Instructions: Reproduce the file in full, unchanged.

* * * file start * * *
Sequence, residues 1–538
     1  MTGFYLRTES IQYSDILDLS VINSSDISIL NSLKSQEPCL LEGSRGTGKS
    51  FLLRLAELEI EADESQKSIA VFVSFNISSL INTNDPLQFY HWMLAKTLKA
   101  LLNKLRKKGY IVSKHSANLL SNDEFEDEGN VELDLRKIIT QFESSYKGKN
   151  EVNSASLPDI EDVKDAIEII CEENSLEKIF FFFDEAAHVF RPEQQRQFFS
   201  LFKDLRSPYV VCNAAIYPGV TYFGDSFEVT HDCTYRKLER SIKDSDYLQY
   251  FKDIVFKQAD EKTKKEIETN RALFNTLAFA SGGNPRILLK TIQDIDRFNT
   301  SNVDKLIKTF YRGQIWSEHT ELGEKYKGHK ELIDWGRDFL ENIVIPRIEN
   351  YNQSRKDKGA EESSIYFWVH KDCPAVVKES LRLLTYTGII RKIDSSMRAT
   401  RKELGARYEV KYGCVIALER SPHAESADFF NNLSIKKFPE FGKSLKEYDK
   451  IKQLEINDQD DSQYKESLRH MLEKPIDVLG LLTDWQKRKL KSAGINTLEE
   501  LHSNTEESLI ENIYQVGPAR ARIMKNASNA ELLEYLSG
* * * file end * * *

Sequence, residues 1–538
     1  MTGFYLRTES IQYSDILDLS VINSSDISIL NSLKSQEPCL LEGSRGTGKS
    51  FLLRLAELEI EADESQKSIA VFVSFNISSL INTNDPLQFY HWMLAKTLKA
   101  LLNKLRKKGY IVSKHSANLL SNDEFEDEGN VELDLRKIIT QFESSYKGKN
   151  EVNSASLPDI EDVKDAIEII CEENSLEKIF FFFDEAAHVF RPEQQRQFFS
   201  LFKDLRSPYV VCNAAIYPGV TYFGDSFEVT HDCTYRKLER SIKDSDYLQY
   251  FKDIVFKQAD EKTKKEIETN RALFNTLAFA SGGNPRILLK TIQDIDRFNT
   301  SNVDKLIKTF YRGQIWSEHT ELGEKYKGHK ELIDWGRDFL ENIVIPRIEN
   351  YNQSRKDKGA EESSIYFWVH KDCPAVVKES LRLLTYTGII RKIDSSMRAT
   401  RKELGARYEV KYGCVIALER SPHAESADFF NNLSIKKFPE FGKSLKEYDK
   451  IKQLEINDQD DSQYKESLRH MLEKPIDVLG LLTDWQKRKL KSAGINTLEE
   501  LHSNTEESLI ENIYQVGPAR ARIMKNASNA ELLEYLSG